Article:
There are certain things one expects to find in a university town. Bicycles, bars and books cluster at the top of the list. But there aren't many university towns that can boast a student prison. In Heidelberg, you will find such a place.
It's been a century since they've actually locked anyone away in the Heidelberg Student Prison.
From 1778 to 1914, a little too much hooch, a late night skinny dip or an unruly fencing duel could get a young man tossed into a jail cell for up to a month. These days the 19th-century stone cells have attracted a different clientele to the bizarre 21st-century museum and tourist attraction. Every square inch of the walls and ceiling are covered with graffiti and pictures; passionate words bemoaning the politics and bread-and-water treatment suffered by students in days gone by.
At its heart, Heidelberg is a city with a passion for words. For hundreds of years, learned men were drawn to the picturesque medieval town on the banks of the Neckar River. It was here that the country's first university opened its doors more than 800 years ago. And it was in 1518 in Heidelberg that Martin Luther ““ the Augustinian friar whose ideas sparked the Protestant Reformation ““ publicly debated his Ninety-Five Theses, a list of protests against the practices of the Catholic Church. Words by the German poet and philosopher Johann Wolfgang von Goethe, the French writer Victor Hugo of the Romantic period, and the American novelist Mark Twain spilled onto the pages, all inspired by the beauty of Heidelberg.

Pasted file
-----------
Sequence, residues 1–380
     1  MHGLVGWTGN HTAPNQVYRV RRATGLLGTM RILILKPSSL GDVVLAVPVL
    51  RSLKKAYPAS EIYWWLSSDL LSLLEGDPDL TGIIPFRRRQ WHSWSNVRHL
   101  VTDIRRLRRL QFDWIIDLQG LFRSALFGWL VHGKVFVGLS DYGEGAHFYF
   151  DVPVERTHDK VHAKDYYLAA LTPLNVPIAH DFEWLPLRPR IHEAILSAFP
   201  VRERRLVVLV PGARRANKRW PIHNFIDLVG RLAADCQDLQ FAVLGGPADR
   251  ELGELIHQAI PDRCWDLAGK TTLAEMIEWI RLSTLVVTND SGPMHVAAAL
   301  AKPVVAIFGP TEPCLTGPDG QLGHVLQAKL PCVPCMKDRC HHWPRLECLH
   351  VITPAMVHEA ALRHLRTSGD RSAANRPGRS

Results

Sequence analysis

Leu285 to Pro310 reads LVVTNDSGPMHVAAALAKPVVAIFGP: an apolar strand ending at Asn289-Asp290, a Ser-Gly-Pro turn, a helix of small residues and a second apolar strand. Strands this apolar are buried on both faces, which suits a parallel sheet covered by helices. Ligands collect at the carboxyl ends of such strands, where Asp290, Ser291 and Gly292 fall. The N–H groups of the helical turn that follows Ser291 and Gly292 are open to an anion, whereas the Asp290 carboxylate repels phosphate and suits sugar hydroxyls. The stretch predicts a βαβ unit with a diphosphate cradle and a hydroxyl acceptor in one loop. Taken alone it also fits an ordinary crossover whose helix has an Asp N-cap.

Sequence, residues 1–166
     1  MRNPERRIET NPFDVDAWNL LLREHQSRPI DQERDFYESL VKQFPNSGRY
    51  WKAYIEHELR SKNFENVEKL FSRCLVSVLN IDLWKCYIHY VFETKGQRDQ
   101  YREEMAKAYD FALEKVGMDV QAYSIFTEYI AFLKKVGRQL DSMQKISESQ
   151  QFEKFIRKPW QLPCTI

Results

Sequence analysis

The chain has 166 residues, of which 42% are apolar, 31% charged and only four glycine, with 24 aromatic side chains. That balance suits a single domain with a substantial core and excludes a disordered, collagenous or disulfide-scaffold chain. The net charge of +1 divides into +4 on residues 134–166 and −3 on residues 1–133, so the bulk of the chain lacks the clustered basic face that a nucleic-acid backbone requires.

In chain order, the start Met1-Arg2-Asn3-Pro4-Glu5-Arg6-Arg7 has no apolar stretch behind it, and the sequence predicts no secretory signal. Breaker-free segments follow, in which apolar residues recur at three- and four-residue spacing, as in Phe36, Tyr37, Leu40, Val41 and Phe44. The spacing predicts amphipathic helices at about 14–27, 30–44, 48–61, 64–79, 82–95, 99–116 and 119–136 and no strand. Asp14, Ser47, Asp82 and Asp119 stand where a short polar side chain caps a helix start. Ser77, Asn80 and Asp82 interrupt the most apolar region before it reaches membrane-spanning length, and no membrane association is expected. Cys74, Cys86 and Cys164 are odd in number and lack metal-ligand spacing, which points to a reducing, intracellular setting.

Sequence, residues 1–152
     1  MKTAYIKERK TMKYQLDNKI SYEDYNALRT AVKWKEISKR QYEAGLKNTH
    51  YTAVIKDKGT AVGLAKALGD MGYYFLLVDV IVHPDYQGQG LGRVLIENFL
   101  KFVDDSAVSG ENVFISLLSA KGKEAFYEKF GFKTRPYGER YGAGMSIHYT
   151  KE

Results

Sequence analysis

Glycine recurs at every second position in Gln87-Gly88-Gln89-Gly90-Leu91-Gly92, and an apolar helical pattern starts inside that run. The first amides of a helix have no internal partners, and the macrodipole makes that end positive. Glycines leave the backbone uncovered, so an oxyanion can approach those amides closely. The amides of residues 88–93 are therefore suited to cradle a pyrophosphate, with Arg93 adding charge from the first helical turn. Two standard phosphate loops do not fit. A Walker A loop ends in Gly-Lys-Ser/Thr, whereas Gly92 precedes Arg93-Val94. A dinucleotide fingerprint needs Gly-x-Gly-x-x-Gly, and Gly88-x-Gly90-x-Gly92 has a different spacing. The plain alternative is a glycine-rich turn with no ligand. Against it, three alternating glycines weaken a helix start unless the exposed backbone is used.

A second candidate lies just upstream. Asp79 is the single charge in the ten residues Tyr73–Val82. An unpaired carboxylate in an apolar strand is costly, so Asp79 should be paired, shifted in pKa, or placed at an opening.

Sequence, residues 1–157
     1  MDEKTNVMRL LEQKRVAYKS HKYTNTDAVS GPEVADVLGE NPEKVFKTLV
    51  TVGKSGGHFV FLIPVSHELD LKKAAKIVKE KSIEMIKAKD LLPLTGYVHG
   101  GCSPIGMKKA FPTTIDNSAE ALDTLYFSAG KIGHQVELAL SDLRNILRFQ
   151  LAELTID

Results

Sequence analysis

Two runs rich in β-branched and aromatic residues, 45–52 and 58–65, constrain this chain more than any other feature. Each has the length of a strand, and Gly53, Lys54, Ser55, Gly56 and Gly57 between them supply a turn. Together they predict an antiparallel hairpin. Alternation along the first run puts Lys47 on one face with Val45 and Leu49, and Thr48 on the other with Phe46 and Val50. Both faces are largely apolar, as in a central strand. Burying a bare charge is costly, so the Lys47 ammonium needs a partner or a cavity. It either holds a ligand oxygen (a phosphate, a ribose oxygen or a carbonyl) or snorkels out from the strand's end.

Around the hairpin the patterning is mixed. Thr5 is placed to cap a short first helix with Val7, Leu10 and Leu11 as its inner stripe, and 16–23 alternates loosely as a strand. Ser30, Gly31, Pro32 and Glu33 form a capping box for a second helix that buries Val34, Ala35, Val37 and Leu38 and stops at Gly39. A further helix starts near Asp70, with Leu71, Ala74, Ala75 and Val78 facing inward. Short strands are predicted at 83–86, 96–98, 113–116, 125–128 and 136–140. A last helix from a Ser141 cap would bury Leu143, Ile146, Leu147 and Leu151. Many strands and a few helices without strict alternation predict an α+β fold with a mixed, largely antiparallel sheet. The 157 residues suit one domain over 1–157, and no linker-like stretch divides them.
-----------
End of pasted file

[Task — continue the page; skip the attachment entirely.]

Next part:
“Exactly six months after he pinned his controversial theses to the church door in Wittenberg, Martin Luther came to Heidelberg to debate and expand upon his views,” explains Susanne Fiek, a Heidelberg guide who has lived in the city of words for all her life. “He could speak freely here. We know that the Augustinian monastery where he debated was here because it is shown in maps and documents of the old city.”
The richness of Heidelberg's political and literary pedigree may be lost to the throngs of modern-day visitors that fill the main street, the pedestrian-only Haupstrasse, lured by the shops, the bars and the usual trappings of mass tourism. The city is long and narrow ““ the red sandstone buildings of the Old Town are clustered along the banks of the river, hemmed in on the back side by a steep, wooded slope crowned by the ruins of the region's most famous castle. But mere steps away from the manic commercial energy of the shopping district are the leafy squares, cobblestone walkways, fountains and statues that fuelled the creative intensity of writers, poets, philosophers and thinkers. Only the whirr of a passing bicycle or the peel of a church bell cuts into the quiet of Heidelberg's side streets.
“It's the university, it's the city, it's the castle,” muses Fiek about what makes Heidelberg a must-do stop for travellers meandering through this part of southwest Germany. “But my favourite spot is the castle on the hill. No matter when you come ““ rain or shine, spring or fall ““ there is always something to it.”